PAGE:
From its inception in 2013, The Bass has embarked on a $12 million project to transform the museum’s visitor experience. From an expanded and more dynamic physical space to a new visual identity, the new Bass unveils a building for larger exhibitions, engaging education activities and a robust collection program this year.
The renovation expands the internal structure of the museum without altering the existing footprint, in order to create an almost 50 percent increase in programmable space, including three new galleries, a museum store and cafe, and a designated education facility to better serve expanded programs and increased attendance.
Exhibition Spaces – 12,800 sq. ft.
The new Bass features four new galleries, for a total of eight, in addition to several connecting spaces, to host temporary exhibitions and permanent collection display. Three new galleries will be added and one will be renovated on the first floor for a total of six exhibition spaces on the main level. A second gallery will be added to the upper level along with a sizable lobby adjoining the two upstairs galleries, proving three exhibitions spaces, two formal galleries, on the second floor. One of the galleries on the main floor will be dedicated to displays of the museum’s permanent collection, featuring a series of rotating artist projects that present works in dialogue with the collection. In total, these new configurations create an additional 4,100 sq. ft. from an existing 8,700 sq. ft.
Education Spaces – 5,000 sq. ft.
The new configuration of the museum creates a designated space for education programming. The Creativity Center features a multi-media lab, two classrooms, administrative offices and a reception lobby, creating a full-service education wing that provides unprecedented capabilities for the museum’s education initiatives and curriculum. In total, this new configuration creates an additional 4,000 sq. feet from an existing 1,000 sq. ft. The Creativity Center also features an outdoor terrace providing an additional 1,000 sq. ft.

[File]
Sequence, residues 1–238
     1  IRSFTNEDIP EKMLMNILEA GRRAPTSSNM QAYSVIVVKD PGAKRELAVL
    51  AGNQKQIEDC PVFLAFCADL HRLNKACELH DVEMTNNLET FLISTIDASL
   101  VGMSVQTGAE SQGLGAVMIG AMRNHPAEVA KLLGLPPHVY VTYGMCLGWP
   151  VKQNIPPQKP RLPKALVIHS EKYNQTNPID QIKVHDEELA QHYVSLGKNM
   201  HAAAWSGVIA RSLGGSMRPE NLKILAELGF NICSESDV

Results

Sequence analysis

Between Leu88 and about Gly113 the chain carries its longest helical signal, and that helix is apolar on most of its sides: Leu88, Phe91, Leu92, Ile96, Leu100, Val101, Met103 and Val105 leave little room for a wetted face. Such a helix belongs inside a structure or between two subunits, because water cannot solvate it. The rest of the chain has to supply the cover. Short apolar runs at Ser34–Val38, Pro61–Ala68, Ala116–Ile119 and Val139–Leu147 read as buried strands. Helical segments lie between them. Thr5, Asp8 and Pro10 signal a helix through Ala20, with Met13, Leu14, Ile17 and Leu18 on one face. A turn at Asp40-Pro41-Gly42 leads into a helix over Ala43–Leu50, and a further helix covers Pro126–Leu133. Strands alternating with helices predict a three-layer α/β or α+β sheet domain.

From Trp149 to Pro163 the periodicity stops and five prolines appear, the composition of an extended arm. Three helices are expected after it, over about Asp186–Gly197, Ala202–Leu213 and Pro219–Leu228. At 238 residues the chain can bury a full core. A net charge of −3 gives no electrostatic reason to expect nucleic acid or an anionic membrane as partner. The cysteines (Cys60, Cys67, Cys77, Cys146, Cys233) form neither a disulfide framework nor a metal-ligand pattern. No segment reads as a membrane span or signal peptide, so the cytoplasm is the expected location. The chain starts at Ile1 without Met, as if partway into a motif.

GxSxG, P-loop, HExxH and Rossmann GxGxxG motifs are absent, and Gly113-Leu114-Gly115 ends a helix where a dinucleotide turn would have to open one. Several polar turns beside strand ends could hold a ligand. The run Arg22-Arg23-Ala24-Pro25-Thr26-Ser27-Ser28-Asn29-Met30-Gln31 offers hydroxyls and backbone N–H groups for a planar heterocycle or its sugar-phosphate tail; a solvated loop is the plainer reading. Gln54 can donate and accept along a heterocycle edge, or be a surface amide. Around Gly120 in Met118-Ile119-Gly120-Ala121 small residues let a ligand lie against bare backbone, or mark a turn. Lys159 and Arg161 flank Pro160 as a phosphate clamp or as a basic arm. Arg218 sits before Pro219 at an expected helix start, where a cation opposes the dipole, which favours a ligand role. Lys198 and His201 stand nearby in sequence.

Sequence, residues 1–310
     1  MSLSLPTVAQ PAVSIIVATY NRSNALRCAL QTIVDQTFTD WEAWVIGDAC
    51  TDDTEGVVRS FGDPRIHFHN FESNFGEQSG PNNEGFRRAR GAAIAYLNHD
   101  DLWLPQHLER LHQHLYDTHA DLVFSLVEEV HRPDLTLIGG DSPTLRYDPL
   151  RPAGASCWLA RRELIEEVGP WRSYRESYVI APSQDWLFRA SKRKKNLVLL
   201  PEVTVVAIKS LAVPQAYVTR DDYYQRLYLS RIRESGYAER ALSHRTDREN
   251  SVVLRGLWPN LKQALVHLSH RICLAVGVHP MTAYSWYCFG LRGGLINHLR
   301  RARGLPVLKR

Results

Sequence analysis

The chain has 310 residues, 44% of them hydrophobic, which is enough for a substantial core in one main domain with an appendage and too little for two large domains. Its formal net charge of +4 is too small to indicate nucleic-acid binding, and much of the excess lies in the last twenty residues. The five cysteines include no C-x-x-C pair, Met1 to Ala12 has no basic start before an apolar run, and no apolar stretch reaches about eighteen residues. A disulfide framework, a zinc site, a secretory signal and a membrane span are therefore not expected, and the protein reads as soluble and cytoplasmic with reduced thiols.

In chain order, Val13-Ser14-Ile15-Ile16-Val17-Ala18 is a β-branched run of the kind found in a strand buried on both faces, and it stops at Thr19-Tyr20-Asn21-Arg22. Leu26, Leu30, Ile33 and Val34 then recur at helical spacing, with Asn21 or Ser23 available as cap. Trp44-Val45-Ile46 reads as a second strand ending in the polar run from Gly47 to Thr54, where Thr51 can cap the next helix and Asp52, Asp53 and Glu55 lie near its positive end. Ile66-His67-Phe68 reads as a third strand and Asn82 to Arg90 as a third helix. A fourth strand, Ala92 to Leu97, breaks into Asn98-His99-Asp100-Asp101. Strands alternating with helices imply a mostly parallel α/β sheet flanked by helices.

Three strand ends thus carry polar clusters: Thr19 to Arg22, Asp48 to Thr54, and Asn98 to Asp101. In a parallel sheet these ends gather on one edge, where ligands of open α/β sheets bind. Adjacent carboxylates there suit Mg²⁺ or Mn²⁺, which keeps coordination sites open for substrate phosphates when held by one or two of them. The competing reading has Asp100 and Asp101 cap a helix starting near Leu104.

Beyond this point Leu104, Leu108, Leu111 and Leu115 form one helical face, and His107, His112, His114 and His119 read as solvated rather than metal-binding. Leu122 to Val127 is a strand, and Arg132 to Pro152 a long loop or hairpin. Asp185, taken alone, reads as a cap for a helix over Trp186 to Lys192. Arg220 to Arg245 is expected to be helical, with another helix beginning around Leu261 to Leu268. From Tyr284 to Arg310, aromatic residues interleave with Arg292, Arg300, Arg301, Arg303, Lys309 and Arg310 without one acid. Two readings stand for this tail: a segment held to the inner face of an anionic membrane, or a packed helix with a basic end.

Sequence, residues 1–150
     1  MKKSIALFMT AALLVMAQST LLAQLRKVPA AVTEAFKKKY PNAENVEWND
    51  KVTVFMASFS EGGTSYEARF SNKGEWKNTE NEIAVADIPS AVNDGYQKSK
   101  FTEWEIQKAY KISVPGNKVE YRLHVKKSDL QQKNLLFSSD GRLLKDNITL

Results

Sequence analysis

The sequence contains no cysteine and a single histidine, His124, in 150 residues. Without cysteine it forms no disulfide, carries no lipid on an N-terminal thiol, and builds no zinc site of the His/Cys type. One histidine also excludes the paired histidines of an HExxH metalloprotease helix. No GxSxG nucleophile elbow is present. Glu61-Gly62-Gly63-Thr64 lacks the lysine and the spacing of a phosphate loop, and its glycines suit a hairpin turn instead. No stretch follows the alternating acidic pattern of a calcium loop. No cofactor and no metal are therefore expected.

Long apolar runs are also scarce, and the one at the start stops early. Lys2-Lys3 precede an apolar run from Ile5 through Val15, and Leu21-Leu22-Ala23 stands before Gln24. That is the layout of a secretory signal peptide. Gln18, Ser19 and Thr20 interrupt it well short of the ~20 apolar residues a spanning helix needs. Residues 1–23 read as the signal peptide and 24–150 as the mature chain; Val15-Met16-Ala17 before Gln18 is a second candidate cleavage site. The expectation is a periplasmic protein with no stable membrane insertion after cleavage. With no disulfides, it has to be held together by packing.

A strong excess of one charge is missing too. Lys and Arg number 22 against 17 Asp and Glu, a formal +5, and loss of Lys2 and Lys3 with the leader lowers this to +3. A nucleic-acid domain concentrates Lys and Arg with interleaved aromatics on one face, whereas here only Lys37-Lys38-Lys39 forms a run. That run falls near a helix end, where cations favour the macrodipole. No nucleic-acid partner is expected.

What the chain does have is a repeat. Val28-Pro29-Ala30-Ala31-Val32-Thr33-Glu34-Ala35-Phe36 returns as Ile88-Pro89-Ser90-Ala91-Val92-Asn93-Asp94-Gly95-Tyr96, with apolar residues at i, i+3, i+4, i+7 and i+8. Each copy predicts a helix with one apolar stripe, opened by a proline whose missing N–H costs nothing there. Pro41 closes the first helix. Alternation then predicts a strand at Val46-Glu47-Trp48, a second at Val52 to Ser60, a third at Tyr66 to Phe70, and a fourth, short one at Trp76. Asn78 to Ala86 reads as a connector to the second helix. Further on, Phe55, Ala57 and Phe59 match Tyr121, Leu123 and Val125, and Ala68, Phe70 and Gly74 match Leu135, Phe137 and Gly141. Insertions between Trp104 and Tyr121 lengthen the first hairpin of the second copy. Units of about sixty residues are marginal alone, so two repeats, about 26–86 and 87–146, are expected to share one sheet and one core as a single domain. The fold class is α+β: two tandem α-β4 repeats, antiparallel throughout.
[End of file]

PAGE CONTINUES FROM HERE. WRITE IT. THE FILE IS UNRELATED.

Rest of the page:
Social Spaces – 6,000 sq. ft.
In addition to new configurations for the courtyard, restrooms, stairways and elevators, The Bass features new spaces for the café and museum store. The museum entrances are also reconfigured, to again use the historic entrance off of Collins Park, originally designed by Russell Pancoast in the 1930s. In total, these new configurations create an additional 2,750 sq. ft. from an existing 3,250 sq. ft.
THE ACQUISITION INITIATIVE
In September 2016, The Bass launched a ten-year initiative to grow the museum’s holdings of international contemporary art within the permanent collection. The initiative was celebrated with two inaugural acquisitions of public art; Miami Mountain, 2016 by Ugo Rondinone and Eternity Now, 2015 by Sylvie Fleury.
THE VISUAL IDENTITY
The Bass worked in collaboration with design studio Project Projects to reinvigorate the museum’s visual identity, encompassing a new logo, name, and branding. By appropriating a moniker long used by locals, the “Bass Museum of Art” now becomes “The Bass,” and the new logo reflects the name change. In addition, The Bass launches a new website, www.thebass.org. Project Projects is also responsible for refreshed and on-brand way-finding markers throughout the new museum.
The Bass has reengaged Arata Isozaki of Tokyo as the lead design consultant for the project. Isozaki was the architect of the first museum expansion in 2001 that added a new addition of 16,000 square feet to the original historic structure. Other major projects by Arata Isozaki include the Museum of Contemporary Art, Los Angeles, the Olympic Stadium in Barcelona, the Team Disney Building in Orlando, The Guggenheim SoHo, the Tokyo University of Art and Design, the Centural-Art & Museum Complex in Kyiv, Ukraine and the Qatar National Convention Centre in Doha, Qatar.
David Gauld, who was an integral part of Isozaki’s design team for the 2001 museum expansion, is the principal architect of the current transformation. Gauld has collaborated with Isozaki on several notable projects, including the Avery Fisher Hall at Lincoln Center, the Brooklyn Museum of Art Auditorium and the Center of Science and Industry in Columbus, Ohio.